Saturday, 6 August 2011

Watch out for women in their 40's

Many years ago, whilst chatting to a group of friends about marriage, divorce and affairs, I remember someone making the remark “watch out for women in their 40’s”.  I was in my mid-thirties at the time and it struck me as a curious remark.  I didn’t really get what it meant.

And then finally, I hit 40!  And all of a sudden – I got it!

Throughout my 20’s I was totally focused on my career.  I met my now ex-husband and got married.  We bought a house together and made plans for a family.

Like many women of my generation, I had my first child in my early 30’s and gave up my career to be a full time mother.  And so life ticked along.  I spent my days changing nappies, taking the kids to parties, making endless meals and clearing up after everyone.  Then, by the end of my 30’s life started to get easier.  The kids were more independent and off at school during the term time.  I had a chance to exercise and get fit again and started to wonder what to do with myself whilst the kids were at school.  Not just anything, but something meaningful.

During this period of time, I came to reflect on my whole life.  I realised that the sense of identity I had had during my 20’s had gone.  I was somebody’s daughter, somebody’s wife and somebody’s mother.  I was worn out and I’d had enough.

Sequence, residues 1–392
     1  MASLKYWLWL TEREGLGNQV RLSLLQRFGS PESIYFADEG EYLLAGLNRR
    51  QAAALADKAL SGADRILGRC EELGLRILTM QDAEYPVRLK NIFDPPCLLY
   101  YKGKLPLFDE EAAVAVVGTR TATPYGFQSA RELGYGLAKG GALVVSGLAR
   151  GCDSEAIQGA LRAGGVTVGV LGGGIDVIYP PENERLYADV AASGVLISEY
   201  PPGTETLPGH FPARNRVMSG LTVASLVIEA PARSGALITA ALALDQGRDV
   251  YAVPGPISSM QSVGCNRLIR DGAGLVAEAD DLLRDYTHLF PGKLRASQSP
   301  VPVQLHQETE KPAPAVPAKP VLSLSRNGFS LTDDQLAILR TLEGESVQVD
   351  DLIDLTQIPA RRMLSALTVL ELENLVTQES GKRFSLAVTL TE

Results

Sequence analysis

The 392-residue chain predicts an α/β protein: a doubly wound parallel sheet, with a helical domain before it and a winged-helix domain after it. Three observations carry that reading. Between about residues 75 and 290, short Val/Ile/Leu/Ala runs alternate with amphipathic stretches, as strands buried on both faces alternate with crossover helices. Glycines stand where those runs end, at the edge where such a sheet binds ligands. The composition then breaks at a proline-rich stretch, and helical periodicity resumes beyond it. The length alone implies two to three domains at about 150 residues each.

And so I decided it was time to focus on me. 

The problem was, my then husband didn’t seem to “get it”.  I had made his life very comfortable at home.  When he got back from work there was always a meal on the table.  The kids were well looked after, washed, teeth brushed and ready to play with “superdad” until he’d had enough and I took them to bed. 

I organised our social life, cooked for our friends, arranged our holidays and sorted out the car insurance.  But having had everything done for him on a domestic level for so long, these things I did so seamlessly had become invisible to him.  And because it was invisible, he didn’t see or value it.   

I started to think about things I could do.  Freelance work, setting up a small business, re-training.  I had lots of thoughts, but whatever it was going to be, it needed to be done my way and in my own time frame.

I talked to my ex-husband about the various ideas I had.  What I wanted was support and encouragement.  But what I got was an opinion. 

“I don’t think that’s a good idea because…..”